By Rachel Quinio
San Francisco is the first city in the nation to challenge President Donald Trump’s “unconstitutional” executive order on Jan. 31.
President Trump signed an executive order six days prior stating sanctuary cities who don’t cooperate with federal deportation agents will lose federal funding.
City Attorney Dennis Herrera filed the case and claimed President Trump is in violation of the 10th Amendment.
The lawsuit read, “In blatant disregard of the law, the President of the United States seeks to coerce local authorities into abandoning what are known as ‘Sanctuary City’ laws and policies. This strikes at the heart of established principles of federalism.”
The lawsuit could result to human and financial implications
There is an estimated 30,000 undocumented immigrants within San Francisco totaling 3.7 percent of the overall population.
The unwavering compliance with President Trump’s future immigration mandates could mean substantial mass deportations.
This would affect students and their families that have been granted amnesty through Deferred Action for Childhood Arrivals (DACA).
“We are gonna deal with DACA with heart,” President Trump said at a news conference on Feb. 13. “I find it very, very hard doing what the law says exactly to do. And you know the law’s rough. I’m not talking about new laws. I’m talking the existing law is very rough. It’s very, very rough.”
President Trump acknowledged the subject matter was difficult to him because in some cases within DACA you can find “gang members” and “drug members” while most “have some absolutely incredible kids, I would say mostly… it’s a very, very tough subject.”
President Trump, however, carried a different much stronger tone while on the campaign trail.
Last year in August, President Trump said in an immigration policy speech that undocumented immigrants had one road to citizenship: “to return home and apply for re-entry like everybody else under the rules of the new legal immigration system that I have outlined,” he the pledged to “break the cycle of amnesty and illegal immigration.”
President Trump’s present stance is unclear and the future of DACA students is just as ambiguous.
In a meeting on Jan. 20, the Board of Governors unanimously approved a resolution supporting the continuation of DACA stating, “the California Community Colleges Board of Governors and the state Chancellor’s Office will vigorously advocate at every level of government to protect our students and our system’s values.”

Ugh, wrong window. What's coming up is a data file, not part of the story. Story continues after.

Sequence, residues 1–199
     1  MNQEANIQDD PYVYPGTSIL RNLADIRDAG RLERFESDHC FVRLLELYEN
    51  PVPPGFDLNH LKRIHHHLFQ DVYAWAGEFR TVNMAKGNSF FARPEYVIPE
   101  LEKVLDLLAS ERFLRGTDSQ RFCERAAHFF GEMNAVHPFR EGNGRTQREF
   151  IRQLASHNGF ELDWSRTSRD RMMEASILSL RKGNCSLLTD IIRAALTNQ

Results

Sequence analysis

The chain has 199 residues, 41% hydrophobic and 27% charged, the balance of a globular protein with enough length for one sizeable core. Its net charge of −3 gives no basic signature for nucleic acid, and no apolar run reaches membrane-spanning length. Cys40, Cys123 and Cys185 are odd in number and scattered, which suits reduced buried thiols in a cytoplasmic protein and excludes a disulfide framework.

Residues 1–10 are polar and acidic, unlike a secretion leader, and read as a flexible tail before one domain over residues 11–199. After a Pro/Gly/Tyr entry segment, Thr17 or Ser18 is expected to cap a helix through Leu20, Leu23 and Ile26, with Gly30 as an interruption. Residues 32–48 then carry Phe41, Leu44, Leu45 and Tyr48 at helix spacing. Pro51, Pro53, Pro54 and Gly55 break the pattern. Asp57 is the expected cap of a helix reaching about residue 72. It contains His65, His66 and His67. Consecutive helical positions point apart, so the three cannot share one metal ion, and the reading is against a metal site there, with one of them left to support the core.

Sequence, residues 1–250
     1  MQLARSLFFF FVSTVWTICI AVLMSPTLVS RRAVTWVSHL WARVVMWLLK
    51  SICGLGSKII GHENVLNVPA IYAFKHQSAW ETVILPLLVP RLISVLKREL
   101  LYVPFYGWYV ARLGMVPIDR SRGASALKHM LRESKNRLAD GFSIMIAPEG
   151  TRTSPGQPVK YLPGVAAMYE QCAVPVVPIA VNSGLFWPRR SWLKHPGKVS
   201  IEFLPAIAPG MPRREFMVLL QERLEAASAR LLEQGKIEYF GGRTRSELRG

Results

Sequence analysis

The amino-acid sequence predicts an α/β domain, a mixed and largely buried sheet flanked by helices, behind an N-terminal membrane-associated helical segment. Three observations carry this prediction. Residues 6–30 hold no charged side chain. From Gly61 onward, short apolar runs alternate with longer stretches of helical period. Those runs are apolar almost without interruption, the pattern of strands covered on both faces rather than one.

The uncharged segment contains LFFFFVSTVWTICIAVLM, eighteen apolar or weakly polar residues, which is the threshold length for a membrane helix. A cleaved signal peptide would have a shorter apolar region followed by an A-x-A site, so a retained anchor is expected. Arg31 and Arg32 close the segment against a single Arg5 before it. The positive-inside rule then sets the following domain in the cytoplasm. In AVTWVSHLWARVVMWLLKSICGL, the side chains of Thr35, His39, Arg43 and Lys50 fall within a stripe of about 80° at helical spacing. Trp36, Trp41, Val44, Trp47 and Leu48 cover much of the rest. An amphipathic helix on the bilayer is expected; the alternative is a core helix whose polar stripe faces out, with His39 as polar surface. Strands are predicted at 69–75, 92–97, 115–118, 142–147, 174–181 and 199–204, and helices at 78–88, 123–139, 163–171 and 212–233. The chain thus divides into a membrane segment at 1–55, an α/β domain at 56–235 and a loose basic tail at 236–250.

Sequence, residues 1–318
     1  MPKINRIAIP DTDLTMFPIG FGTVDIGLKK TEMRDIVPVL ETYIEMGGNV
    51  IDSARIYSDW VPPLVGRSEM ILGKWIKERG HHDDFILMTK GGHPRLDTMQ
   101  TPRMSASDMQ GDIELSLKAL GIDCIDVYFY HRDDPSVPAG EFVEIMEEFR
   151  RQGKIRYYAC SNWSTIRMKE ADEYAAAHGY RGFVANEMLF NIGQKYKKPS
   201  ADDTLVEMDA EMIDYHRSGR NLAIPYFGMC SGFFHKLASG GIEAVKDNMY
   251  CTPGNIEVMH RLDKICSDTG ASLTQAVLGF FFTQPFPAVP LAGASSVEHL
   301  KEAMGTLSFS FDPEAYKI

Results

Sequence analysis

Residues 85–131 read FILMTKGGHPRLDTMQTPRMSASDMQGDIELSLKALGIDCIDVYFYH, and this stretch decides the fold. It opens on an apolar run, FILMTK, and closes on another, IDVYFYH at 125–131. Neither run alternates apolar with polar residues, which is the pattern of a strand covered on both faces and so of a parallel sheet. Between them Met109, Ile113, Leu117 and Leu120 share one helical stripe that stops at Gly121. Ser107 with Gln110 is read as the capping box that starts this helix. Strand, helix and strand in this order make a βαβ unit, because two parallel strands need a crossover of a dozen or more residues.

The other issue the city faces is that of finance.
San Francisco collects $1.2 billion annually in federal funds which is approximately 13 percent of its $9.6 billion budget.
If the city is found to be in violation of the Executive Order this could create fiscal scarcity leading to necessary rebudgeting and reallocation of funds.
San Francisco’s District 7 Supervisor Norman Yee does not seem too alarmed by funding threats from President Trump.
Supervisor Yee said, “The budget cuts Trump hopes to implement would affect the people on a national level, not necessarily just the city of San Francisco. These cuts would affect programs such as Medicare and Medicaid ”
San Francisco receives its federal aid in the form of reimbursements. The city could cut services now or continue spending knowing the looming potential of having to make even more severe cuts to deal with the surplus spending.
The city is presented with a “Hobson’s choice.”
Mayor Ed Lee in a statement Jan. 31 called the Executive Order “misguided” saying that the order in fact “makes our cities less safe.” The Executive Order hinders the relationship between civilians and the law enforcement which is congruent with claims made in the legal suit, “when witnesses and crime victims will not talk to the police, law enforcement suffers and the entire community is less safe.”
Mayor Lee said, “We need strong cities to continue to push our nation forward… San Francisco is a city that fights for what is right.”
San Francisco has been a “Sanctuary City” since 1989.